What is a Raw Diet?
A raw diet for your cat consists of uncooked meat, bones and organs, which mimics their natural diet in the wild. Cats are predators and obligate carnivores, which means they must eat primarily meat.
The Controversy Behind a Raw Food Diet
Any Google search on raw food diets for cats will yield a lot of conflicting articles: some claim that a raw food diet is the only way, while others warn you should never attempt a raw food diet. In reality, both are correct in many ways, and each side is outlined below so you can decide if a raw food diet is right for your cat.
The Pros of a Raw Food Diet for Cats
For the most part, a raw diet is very close to what your cat would have eaten in the wild, and just as humans flourish when they eat a wholesome, unprocessed diet, cats do as well.
Pottenger’s Cats Study
Conducted between 1932 and 1942 by Francis M. Pottenger Jr., the Pottenger’s Cats Study is one of the most well-known in regards to pet nutrition.
Originally using the cats for their adrenal extract, Pottenger stumbled upon an interesting observation when he began feeding some of the cats meat scraps due to the shortage of cat food. Cats that ate the raw meat scraps consisting of organs, meat and bone seemed to be healthier than the ones fed the original diet of raw milk, cod liver oil, and cooked meat. The kittens of the raw meat diet group were more energetic and had lower rates of death. These cats also had lower rates of degenerative diseases while the cooked meat group started to become sickly and infertile after a few generations.
Higher Nutrient Content
The conclusions of Pottenger’s study and what other cat owners have observed is a well-prepared raw food diet will provide many of the vitamins, minerals, fats and amino acids your cat needs. Their digestive tracts were made to process raw meats, not cooked or plant-based foods.
It’s important to note that organs and bone must be included with the meat to provide all the necessary nutrients. Bones in particular deliver crucial amounts of calcium and phosphorous.
Cooked meats lose nutrient content and high temperatures denature (change) proteins.
Reduced Stool Odor and Volume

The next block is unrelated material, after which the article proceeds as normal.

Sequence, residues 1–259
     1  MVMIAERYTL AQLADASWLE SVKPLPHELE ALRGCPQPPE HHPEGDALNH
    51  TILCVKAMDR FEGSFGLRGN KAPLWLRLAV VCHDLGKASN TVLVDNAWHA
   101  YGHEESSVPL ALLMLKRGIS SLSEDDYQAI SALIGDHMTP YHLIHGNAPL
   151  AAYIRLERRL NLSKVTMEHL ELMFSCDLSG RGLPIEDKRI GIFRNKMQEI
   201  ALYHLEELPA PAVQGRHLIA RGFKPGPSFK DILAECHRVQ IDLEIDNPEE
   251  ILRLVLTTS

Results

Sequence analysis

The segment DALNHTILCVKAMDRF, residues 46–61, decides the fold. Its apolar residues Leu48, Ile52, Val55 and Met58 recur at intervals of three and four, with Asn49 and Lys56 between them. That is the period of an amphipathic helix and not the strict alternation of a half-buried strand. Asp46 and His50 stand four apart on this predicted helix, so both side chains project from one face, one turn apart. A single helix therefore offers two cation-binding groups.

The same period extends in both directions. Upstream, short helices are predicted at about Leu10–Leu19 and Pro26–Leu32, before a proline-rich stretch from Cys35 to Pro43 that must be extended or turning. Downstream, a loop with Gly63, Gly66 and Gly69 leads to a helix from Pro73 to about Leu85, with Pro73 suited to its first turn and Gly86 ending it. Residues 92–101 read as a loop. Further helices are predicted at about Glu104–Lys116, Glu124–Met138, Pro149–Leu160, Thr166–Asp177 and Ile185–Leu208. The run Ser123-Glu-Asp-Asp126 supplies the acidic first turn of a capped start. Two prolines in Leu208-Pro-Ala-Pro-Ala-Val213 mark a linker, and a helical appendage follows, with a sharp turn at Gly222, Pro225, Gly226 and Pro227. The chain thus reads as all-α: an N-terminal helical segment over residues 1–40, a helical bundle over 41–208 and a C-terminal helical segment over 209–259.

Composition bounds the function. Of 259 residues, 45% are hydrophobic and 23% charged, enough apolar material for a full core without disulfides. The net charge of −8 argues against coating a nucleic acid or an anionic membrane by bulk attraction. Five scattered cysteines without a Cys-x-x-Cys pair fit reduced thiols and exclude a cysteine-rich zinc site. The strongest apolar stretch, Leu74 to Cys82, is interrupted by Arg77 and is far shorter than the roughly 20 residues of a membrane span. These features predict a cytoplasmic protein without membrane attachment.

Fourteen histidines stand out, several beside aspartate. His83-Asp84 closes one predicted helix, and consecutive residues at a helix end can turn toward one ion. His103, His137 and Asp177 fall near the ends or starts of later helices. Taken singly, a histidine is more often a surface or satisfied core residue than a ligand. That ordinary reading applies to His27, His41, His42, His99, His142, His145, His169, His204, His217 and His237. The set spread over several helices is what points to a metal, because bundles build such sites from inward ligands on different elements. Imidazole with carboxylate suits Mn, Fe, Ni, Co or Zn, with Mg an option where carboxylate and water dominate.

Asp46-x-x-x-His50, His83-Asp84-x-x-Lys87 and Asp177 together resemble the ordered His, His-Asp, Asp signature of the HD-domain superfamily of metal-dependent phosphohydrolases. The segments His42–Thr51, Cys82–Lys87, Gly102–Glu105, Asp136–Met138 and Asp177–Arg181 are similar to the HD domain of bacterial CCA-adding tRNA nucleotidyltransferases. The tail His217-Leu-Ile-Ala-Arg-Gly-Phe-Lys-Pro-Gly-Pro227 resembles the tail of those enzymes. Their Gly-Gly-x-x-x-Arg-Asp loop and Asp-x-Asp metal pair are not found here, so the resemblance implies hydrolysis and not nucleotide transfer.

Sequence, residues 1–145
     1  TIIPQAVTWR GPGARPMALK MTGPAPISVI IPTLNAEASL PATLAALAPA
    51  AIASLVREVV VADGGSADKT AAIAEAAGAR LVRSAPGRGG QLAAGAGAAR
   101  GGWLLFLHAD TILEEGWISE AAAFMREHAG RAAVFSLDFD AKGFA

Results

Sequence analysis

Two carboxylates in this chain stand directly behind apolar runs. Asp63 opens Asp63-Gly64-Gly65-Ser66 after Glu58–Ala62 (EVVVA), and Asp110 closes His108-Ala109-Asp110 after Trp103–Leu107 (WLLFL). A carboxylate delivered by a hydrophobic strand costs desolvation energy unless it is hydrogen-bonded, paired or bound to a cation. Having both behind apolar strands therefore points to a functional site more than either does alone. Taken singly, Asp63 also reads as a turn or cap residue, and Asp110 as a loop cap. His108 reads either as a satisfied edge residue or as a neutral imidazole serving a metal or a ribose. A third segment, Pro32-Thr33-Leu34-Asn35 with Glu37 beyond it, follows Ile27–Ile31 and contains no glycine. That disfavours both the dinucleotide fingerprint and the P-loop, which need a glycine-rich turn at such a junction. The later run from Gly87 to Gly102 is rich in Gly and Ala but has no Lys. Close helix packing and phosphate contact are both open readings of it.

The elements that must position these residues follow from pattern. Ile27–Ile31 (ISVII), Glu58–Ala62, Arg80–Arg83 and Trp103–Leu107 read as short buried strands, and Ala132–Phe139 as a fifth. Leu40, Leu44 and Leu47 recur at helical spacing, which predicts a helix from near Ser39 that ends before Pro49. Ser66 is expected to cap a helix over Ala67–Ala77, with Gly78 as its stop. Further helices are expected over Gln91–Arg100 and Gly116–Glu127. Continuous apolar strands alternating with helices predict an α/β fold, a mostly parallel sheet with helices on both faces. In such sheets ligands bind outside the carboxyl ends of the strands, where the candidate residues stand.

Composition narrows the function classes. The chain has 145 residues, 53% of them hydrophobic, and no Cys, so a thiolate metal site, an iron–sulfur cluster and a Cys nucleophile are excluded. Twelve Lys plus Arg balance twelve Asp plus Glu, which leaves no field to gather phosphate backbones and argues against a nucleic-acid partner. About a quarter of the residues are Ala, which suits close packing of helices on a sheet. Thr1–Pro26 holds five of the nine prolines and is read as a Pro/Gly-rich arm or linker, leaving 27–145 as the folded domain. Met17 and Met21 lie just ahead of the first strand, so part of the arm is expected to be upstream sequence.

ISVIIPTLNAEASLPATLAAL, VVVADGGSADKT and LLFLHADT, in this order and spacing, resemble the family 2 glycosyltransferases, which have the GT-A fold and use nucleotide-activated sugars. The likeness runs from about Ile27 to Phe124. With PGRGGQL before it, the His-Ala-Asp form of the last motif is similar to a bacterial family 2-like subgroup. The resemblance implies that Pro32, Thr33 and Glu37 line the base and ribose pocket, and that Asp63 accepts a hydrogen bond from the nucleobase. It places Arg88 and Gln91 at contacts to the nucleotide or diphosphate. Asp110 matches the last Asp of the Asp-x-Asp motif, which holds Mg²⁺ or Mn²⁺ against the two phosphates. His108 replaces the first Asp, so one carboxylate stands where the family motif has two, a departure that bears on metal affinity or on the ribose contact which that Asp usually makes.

Because of the higher nutrient density of raw foods, your cat’s stool will be smaller and have less of an odor.
Better Dental Health
Since raw food diets have almost no carbohydrates, cats are less likely to develop the typical gum diseases from plaque and tartar buildup.
Consuming raw bones can also have a cleaning effect by massaging and scraping teeth as the cat is chewing.
Increased Energy and Weight Control
Raw food diets are exactly what a cat’s digestive system was made to process. While humans use glucose (carbohydrates) for fuel, cats use protein via a process called gluconeogenesis, which essentially means they make glucose from protein. Feeding an almost all protein diet will give them more energy in the form they were designed to have.
Lack of excess carbohydrates means they’re less likely to put on weight from the high calories and lethargy. While cats might graze on dry food, they most likely won’t overeat on a raw food diet.
The Cons of a Raw Food Diet for Cats
If a raw food diet closely mimics what cats eat in the wild, how could there be any pushback? The problem comes in when humans try to replicate that in the home. It’s unlikely that you’re actually going to go out and catch the exact wild game your cat would have – mice, birds, small mammals and reptiles. Instead, you’ll be buying meat and bones from the supermarket or a pre-made raw food product which isn’t exactly the type of prey your cat would naturally eat.
It’s likely that the animal product you use will not be what cats normally eat in the wild, and it may have a different bone, meat and organ composition than that of wild game.
Because meat doesn’t contain all the necessary nutrients it’s important to grind up bone for calcium and organs to obtain other vitamins and minerals. However, the time it takes to seek out and prepare this well-balanced meal is prohibitive and it’s tempting to just settling for cuts of meat at the market.
Bacteria and Parasites
Raw meat has a much higher chance of being contaminated with bacteria or parasites, which cooking normally kills. The quality of the meat is an important factor in this; low quality, factory farmed ground beef has a much higher risk of contamination than organic, grass-fed beef. However, the availability and cost of high quality meat is prohibitive which makes owners more likely to go for the low quality product.
If you’re interested in buying and preparing a raw food diet for your cat, it’s important to do it right. Only get good quality meat and be sure to prepare in the right composition. Below are a few resources to get you started on this journey: